Jon Bernthal plays Grady Coon-Ass Travis, the mechanic and ammo loader of the team, impulsive and fight-loving. Michael Pena’s character, Trini ‘Gordo’ Garcia, probably gets the least footage. He makes his presence felt, nevertheless. Logan Lerman, the Jewish actor who played one of Noah’s sons in the 2013 film, is cast as Norman Ellison. While his initial trauma at being forced into the army and asked to do battle duty almost immediately is well conveyed, the transformation into a trigger-happy assassin is not as effective. Scott Clinton Reeves Eastwood (the last name says it all; Texas Chainsaw 3D, Gran Torino) plays Sergeant Miles. Anamaria Marinca as Irma and Alicia von Rittberg as Emma, along with Pitt, Bernthal and Logan Lerman, appear in what I consider the most tense, compelling scenes of the film. And these scenes do not involve any fighting, except for Pitt breaking a glass.

A word about the accents: Once again, some vital dialogue must have been lost while international ears grapple with the accents in the film. In turn, that could seriously affect the enjoyment of the film by general audiences and the reviews and ratings done by critics. Another case for sub-titling of even English language films?

Tobacco in the tank

Brad Pitt: "We were driving down the road. I'm in the turret, Shia is at the other turret, and Scott is on the back, spitting juice. And I'm starting to get pissed off, I'm starting to get hot, because this is our home, he’s disrespecting our home, you know? So I said, in the scene with the cameras rolling, 'You're going to clean that (bleep) up’.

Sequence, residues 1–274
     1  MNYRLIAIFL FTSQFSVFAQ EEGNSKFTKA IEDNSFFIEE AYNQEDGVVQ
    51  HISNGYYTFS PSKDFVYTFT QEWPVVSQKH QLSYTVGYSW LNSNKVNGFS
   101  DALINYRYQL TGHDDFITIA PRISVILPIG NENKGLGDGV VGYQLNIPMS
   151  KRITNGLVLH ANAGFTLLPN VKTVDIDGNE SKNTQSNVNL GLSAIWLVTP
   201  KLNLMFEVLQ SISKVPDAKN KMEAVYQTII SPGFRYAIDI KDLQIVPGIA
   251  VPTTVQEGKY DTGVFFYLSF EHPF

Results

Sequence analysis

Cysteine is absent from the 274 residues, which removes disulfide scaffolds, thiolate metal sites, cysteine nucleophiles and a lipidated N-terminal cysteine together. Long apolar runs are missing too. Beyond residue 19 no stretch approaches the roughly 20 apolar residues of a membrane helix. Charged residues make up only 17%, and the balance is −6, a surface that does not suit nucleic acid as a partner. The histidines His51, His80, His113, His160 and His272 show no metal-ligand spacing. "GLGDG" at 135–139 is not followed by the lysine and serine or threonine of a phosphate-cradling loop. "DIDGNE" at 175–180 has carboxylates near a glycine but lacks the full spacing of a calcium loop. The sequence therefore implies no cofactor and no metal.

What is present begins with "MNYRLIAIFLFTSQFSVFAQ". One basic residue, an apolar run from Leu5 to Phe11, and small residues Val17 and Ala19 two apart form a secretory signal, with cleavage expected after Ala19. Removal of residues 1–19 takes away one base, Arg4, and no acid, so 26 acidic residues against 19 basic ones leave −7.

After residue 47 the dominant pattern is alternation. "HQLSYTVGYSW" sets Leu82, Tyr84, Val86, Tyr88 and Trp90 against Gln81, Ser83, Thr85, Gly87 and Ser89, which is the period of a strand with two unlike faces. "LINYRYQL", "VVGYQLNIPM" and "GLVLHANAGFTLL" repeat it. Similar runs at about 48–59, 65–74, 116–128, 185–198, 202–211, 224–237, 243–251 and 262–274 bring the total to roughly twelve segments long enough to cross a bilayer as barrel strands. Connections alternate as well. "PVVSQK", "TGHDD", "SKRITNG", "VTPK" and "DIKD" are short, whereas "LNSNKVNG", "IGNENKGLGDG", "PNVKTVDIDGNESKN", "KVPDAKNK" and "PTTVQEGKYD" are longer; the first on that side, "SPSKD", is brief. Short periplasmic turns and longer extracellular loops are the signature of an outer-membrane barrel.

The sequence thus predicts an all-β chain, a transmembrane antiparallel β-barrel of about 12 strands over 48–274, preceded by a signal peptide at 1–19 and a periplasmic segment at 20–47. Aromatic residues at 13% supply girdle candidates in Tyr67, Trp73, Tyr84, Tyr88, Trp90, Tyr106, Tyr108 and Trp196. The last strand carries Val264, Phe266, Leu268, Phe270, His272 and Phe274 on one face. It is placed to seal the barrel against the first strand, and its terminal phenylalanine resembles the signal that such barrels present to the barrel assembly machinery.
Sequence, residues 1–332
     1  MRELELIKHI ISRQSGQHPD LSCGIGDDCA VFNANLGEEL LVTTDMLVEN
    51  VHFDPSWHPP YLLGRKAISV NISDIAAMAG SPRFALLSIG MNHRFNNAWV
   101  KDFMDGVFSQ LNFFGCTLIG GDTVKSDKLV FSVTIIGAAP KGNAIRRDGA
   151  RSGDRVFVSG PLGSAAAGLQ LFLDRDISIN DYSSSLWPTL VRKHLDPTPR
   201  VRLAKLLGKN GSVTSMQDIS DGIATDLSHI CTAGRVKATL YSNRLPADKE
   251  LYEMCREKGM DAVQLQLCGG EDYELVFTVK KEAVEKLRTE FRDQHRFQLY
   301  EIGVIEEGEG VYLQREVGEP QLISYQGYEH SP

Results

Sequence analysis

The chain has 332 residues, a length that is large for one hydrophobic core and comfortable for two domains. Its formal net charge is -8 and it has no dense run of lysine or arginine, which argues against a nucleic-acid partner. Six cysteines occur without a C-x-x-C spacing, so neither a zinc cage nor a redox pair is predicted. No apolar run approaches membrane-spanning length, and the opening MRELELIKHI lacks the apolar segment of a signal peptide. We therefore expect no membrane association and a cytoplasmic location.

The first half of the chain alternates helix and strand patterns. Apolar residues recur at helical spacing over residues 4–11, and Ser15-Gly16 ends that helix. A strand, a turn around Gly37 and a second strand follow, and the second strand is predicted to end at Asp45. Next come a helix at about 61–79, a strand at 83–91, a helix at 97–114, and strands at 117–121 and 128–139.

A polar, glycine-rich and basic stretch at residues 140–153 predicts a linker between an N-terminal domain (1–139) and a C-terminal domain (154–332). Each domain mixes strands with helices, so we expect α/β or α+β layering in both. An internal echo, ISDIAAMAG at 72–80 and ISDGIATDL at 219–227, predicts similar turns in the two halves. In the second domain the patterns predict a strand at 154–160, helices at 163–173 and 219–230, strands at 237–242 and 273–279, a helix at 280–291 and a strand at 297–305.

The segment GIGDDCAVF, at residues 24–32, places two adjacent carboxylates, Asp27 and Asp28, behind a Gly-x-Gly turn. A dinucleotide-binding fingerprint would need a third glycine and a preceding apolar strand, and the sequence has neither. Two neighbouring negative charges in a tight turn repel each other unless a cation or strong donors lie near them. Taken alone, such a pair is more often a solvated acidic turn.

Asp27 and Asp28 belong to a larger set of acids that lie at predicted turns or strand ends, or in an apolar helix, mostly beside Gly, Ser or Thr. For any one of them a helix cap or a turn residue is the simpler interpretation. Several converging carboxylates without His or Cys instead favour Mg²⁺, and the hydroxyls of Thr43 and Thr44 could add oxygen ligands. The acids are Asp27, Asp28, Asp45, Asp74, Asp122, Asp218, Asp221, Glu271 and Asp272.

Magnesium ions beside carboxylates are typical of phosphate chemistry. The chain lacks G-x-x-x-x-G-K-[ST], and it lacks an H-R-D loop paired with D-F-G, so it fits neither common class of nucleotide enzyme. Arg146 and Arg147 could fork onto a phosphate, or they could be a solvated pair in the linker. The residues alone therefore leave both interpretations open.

Shia saw it and felt the same--he’s disrespecting our home. So Shia had the same reaction I did and started having some words. With LaBeouf involved and cameras rolling, Pitt felt the need to mediate the heated scenario--only to realise later that it was his own fault.

"I had to get in after the cameras were rolling and explain it to Scotty," Pitt said. "The funny thing is, when we got home at the end of the day and read the script, it said Scotty's character is 'chewing tobacco and spitting it on the back of the tank.' He was just doing as instructed in the script! So we were the knobs in the end…."

Last words from Eastwood: "Pitt is a kind and humble person, which is everything in this world."

All was apparently forgotten and forgiven. All was well as it ended well.

Rating: ***1/2

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About Siraj Syed

Syed Siraj
(Siraj Associates)

Siraj Syed is a film-critic since 1970 and a Former President of the Freelance Film Journalists' Combine of India.

He is the India Correspondent of FilmFestivals.com and a member of FIPRESCI, the international Federation of Film Critics, Munich, Germany

Siraj Syed has contributed over 1,015 articles on cinema, international film festivals, conventions, exhibitions, etc., most recently, at IFFI (Goa), MIFF (Mumbai), MFF/MAMI (Mumbai) and CommunicAsia (Singapore). He often edits film festival daily bulletins.

He is also an actor and a dubbing artiste. Further, he has been teaching media, acting and dubbing at over 30 institutes in India and Singapore, since 1984.


Bandra West, Mumbai

India